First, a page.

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Talking About the Future, Part 2: The Perfect and Continuous Futures

In my last post on this subject, we looked at ways to use present tense and simple future tense to talk about the future. Now we’re going to look at perfect and continuous grammar forms. (Recall that past and present tense also have perfect and continuous forms.)

 

Future Perfect

Form: Will + have + past form of a verb. The past form of a verb is usually verb+ed, except in the case of irregular verbs, which may have other past forms. (Will have given, will have slept, will have finished, etc…)

Uses:

Use 1: Use future perfect when you want to say that an action will be completed at a specific time in the future. For instance, if you think you will be done studying for the TOEFL at the end of next month, you would say “I will have finished studying for the TOEFL at the end of next month.” See below for a few more examples.

EXAMPLES: He will have slept for five hours when his alarm clock goes off at 5am. The next time you see me, I will have finished my summer courses. In America, a president will have ruled for eight years by the time he finishes his second term and must leave office.

 

Future Perfect Continuous

Form: Will + have been + verb + ing. (Will have been thinking, will have been driving, etc..)

Uses:

Use 1: Use future perfect continuous to predict that an action will still be in progress at a specific time in the future. You must also describe how long the action will have taken at that point in the future.

For example, suppose you will not be finished studying for the TOEFL by the end of next month (next month = specific time in the future). However, by the end of next month, you will be finished with six weeks of TOEFL study, even though you’re not finished with all of your TOEFL study (six weeks= how long the action will have taken at that point in the future).

In this case, you could say “I will have been studying for the TOEFL for six weeks at the end of next month.” This means that once you get to the end of next month, you have studied for six weeks, and you are continuing to study more.

This is somewhat like Use 1 of future perfect above. The difference is that future perfect is used to say that something will be finished at a specific point in the future. Future perfect continuous is used to describe something that will still be happening at a specific future time.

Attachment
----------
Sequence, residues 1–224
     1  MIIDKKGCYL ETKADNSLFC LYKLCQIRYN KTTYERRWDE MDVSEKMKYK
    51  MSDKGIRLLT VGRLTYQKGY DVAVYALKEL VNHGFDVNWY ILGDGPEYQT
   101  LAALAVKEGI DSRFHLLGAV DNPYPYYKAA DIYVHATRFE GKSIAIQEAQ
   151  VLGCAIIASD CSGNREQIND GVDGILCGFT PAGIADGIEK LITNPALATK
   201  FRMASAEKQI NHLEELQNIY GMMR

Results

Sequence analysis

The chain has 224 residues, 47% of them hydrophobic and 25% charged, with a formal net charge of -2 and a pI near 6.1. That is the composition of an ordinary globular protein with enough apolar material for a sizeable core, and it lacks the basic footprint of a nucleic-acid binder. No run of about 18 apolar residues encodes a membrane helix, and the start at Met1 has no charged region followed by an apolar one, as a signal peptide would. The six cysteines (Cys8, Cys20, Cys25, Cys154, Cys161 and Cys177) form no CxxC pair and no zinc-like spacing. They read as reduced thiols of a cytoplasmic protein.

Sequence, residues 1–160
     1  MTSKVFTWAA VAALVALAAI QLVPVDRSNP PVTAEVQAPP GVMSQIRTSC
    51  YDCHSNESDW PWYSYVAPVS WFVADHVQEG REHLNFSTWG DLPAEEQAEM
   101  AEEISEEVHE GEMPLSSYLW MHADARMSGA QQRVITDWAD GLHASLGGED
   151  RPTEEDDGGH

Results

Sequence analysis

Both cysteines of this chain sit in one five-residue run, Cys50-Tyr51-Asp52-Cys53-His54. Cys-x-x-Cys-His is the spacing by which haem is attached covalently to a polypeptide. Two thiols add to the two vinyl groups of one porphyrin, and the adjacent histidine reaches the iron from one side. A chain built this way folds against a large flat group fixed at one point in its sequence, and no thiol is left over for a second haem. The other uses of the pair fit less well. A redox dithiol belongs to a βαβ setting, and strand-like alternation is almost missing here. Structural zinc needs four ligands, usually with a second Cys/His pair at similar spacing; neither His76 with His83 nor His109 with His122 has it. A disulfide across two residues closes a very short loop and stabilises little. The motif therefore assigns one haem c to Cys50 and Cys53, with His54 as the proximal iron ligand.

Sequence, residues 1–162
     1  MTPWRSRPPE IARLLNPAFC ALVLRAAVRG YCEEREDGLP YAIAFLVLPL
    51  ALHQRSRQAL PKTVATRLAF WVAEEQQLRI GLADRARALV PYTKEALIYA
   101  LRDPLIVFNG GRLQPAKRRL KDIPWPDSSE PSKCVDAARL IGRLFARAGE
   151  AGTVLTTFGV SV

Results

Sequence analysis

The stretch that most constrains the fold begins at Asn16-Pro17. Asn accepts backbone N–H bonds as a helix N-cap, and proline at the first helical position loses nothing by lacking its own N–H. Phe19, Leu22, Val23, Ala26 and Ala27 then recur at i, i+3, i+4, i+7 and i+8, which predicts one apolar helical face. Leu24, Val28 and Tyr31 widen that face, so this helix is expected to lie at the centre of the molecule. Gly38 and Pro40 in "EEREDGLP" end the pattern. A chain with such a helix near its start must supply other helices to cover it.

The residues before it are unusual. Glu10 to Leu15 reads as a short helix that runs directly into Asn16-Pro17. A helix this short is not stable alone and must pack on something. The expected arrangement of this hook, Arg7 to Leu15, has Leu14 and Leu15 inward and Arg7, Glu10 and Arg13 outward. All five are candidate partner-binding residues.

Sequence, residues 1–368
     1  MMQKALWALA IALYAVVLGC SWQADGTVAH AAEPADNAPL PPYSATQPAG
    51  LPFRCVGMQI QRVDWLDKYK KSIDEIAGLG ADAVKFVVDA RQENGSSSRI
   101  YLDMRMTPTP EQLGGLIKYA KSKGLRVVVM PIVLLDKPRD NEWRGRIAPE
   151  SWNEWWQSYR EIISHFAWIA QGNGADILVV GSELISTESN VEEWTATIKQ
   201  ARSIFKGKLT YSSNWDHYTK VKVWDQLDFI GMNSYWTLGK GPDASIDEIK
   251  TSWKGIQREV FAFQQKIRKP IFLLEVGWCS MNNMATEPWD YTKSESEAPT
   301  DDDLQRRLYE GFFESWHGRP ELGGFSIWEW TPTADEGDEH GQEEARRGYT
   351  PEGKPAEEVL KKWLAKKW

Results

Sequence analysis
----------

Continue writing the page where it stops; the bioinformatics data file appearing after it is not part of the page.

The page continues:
EXAMPLES: He will have been sleeping for five hours by 5am, and he’ll probably keep sleeping until at least 7am. The next time you see me, I will have been taking my summer courses for a few weeks. In America, a president will have been ruling for four years by the time he gets elected to a second term.

Future Continuous

Form: Will + be + verb + ing. (Will be running, will be trying, and so on.)

Uses:

Use 1: Describing a future event. This pretty much the same as Use 1 of Simple future, as seen in the previous post on “future talk”.

EXAMPLES: I will be arriving to work late tomorrow because I need to take my son to the doctor first. I will be seeing you next week.

Use 2: Predicting an event that will still be in progress in the future. This is kind of like Use 1 of future perfect continuous, but much simpler. In future perfect continuous, you need to specify the future point in time and the duration of the future event. However, in future perfect, saying an event will be in progress in the future is the only thing you need to do. You can state specific times and specific durations of events, but you don’t have to.

EXAMPLES: When you get to their house, they will be cooking dinner. On Sunday, I will be playing video games for a few hours. My father works very hard right now, but soon he will be enjoying his retirement.

My students usually have a lot of questions about future tenses, especially these three more complicated forms. I will be answering any questions you have after you read this. Just post your questions in the comments section below, or ask me through Google Plus. I’m here to help!

In  my next post on this subject, I’ll make some Magoosh Comics that show the 6 tenses and 13 uses connected to the future. I’ll also give you a review worksheet so you can practice using the future tenses yourself.

2 Responses to Talking About the Future, Part 2: The Perfect and Continuous Futures

  1. Edward Binder December 10, 2015 at 2:33 am #

    I just want to sincerely thank you for having the Tenses’ explanations on your site. I am an ESL teacher and I have been trying to find a way to explain the correct use of the tenses to my Asian students, and yours is the first site that actually makes sense to me, because you give all of the possible ways to use each tense. I am now in the process of creating a simplified version that has all the variations, with more simplified explanations attached to the,

    Thanks again,
    Edward Binder

    • David Recine
      David Recine December 10, 2015 at 7:49 pm #

      Hi Edward,

      Thanks for your kind words. I actually originally created the Magoosh tense guides for a group of East Asian university students, before adapting them for this TOEFL prep blog. My method for teaching tenses is based on the approach taken in The ELT Grammar Book, by Richard Firsten. You may want to check that out too– great resource!


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